She inherited 21 huge trunks that had been kept in a basement for 57 years.
In a series of three exhibits at the Olde Gaol Museum in Lindsay, local artist Ann Louise Smith tells the incredible story of her grandparents through her artwork and a collection of family artifacts.
Her grandparents were Canadian Reverend Frederick Anderson and his true-love, American-born Mabel Jean, and their son, Walter.
Upon their deaths, Smith found herself with the incredible find that spanned nearly six decades of love and war, danger and peace.
Some of the items were collected during their travels around the world during their furloughs as missionaries. The more than 3,000 letters, written in perfect cursive, along with accompanying diaries and notes, spoke of grand times and challenging times, containing a richness that brings their stories to life.
“There are all these stories… like a wagon wheel with all the spokes,” says Smith.
Now, 78-years old herself, Smith says that she wants to share her discoveries as she “doesn’t know what will happen to all of this” when she is gone.
The first exhibit already held May 31 was on ‘Intricate Needlework of India’ at The Olde Gaol Museum.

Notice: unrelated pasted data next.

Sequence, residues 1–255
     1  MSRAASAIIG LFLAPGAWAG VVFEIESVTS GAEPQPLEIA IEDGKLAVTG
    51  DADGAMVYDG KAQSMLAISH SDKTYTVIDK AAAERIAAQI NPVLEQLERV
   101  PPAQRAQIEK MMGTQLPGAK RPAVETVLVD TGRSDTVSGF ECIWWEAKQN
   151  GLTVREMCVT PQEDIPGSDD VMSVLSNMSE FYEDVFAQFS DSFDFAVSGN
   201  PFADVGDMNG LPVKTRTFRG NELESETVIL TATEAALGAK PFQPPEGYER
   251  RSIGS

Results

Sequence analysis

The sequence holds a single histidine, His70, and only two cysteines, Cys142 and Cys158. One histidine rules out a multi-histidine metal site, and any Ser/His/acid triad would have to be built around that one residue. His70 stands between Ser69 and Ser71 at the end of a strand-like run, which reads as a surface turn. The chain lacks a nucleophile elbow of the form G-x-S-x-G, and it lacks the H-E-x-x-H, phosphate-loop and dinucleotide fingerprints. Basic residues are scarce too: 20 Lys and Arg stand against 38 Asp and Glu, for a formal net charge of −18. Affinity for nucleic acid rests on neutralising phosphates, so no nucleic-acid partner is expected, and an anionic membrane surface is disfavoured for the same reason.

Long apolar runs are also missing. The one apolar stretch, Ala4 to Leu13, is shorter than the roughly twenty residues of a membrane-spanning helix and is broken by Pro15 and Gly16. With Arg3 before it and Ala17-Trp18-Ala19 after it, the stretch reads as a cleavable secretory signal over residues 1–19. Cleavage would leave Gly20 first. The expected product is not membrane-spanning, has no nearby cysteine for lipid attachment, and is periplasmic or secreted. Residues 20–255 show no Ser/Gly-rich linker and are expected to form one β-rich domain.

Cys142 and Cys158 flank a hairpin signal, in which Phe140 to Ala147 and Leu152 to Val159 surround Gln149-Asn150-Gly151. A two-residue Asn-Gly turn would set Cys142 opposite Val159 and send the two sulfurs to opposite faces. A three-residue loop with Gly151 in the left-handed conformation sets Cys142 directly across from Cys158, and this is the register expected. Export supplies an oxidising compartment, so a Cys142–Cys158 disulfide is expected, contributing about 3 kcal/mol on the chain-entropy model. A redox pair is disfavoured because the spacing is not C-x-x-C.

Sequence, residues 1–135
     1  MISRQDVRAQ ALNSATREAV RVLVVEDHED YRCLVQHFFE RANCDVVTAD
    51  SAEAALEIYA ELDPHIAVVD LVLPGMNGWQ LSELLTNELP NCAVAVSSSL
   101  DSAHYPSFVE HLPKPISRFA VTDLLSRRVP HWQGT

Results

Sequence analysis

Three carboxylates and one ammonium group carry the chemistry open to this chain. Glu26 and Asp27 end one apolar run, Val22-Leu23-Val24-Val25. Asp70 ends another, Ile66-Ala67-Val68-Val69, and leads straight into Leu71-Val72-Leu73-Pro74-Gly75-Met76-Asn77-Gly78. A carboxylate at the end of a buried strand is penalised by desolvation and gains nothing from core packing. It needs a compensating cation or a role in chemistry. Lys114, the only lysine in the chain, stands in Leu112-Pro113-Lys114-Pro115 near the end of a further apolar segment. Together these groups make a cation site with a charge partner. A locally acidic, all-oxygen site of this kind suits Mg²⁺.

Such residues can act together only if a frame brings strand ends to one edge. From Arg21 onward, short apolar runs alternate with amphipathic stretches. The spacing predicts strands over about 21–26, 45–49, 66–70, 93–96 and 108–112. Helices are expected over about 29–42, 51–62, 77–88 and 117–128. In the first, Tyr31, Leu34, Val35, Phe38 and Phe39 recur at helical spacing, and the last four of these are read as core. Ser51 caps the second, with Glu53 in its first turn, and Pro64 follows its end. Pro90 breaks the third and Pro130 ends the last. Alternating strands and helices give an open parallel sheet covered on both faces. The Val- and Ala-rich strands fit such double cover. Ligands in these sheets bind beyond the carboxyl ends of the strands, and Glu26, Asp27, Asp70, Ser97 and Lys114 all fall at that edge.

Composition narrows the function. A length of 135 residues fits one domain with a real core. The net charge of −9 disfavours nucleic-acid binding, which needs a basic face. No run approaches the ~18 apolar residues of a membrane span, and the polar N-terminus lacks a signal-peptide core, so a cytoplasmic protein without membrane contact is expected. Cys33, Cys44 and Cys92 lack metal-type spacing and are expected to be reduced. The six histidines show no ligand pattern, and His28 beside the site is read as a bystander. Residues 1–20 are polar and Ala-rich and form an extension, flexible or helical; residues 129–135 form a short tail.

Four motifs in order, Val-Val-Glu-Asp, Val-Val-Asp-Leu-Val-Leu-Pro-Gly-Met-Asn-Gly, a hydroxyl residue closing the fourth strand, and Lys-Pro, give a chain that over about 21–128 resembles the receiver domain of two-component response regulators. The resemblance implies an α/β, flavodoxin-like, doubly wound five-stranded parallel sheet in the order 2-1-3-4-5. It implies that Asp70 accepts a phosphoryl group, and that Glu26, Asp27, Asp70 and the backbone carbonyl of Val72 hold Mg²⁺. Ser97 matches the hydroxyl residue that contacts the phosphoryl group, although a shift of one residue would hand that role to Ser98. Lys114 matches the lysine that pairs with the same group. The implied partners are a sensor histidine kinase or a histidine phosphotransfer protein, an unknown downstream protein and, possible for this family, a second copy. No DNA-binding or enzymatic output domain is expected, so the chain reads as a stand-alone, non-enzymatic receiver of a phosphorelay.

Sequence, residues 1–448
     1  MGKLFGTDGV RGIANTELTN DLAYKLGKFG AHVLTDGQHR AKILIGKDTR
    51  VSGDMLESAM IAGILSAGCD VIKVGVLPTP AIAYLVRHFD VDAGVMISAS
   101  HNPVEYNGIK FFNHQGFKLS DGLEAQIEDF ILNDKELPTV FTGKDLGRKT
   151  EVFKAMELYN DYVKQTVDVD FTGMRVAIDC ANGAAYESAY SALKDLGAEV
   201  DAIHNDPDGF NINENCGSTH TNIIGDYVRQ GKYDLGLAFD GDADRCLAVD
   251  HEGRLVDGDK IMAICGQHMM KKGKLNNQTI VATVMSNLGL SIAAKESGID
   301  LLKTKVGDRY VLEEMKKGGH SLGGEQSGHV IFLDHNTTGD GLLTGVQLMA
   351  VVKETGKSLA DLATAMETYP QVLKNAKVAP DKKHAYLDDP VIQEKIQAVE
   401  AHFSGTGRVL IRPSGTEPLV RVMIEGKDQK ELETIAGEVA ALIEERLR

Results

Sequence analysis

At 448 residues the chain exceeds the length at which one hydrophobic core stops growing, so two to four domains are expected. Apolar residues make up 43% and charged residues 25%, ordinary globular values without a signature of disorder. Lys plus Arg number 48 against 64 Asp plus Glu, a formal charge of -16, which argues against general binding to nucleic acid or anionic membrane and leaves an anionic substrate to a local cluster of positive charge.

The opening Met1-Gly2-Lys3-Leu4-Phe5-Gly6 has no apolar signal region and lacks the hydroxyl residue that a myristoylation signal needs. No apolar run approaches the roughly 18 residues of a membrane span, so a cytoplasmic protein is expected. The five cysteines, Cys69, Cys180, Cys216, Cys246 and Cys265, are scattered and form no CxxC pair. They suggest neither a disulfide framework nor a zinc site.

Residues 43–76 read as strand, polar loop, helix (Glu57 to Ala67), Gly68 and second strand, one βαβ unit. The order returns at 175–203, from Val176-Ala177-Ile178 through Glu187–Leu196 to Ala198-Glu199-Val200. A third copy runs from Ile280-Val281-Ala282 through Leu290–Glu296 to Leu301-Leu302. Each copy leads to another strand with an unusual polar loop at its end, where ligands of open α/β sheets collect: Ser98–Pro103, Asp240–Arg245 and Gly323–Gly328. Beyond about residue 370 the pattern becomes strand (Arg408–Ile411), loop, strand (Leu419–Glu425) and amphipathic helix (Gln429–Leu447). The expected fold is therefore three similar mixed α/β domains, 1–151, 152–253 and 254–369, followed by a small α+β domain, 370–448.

The next two presentations and displays promise to be very fascinating. The second exhibit, ‘The Forgotten War,’ tells the story of Frederick and Mabel’s son, Dr. Walter Anderson and his experiences as a prisoner of war by the Japanese in Burma during the Second World War.
Anderson’s story of imprisonment is well-documented and rich with detail. Much of his correspondence was retained and several pictures capture the events.
Smith will present an overview with anecdotes at 7 pm on July 5 at The Olde Gaol Museum in the community room, with admission by donation. The items will remain on display for public viewing until July 29.
In the third and final exhibit of the series, ‘From Souvenir to Artifact,’ Smith will share a collection of unique artifacts accumulated by the Andersons during their world travels. This exhibit will open on Aug. 9 and will remain at the museum for public viewing during regular museum hours until Aug. 31.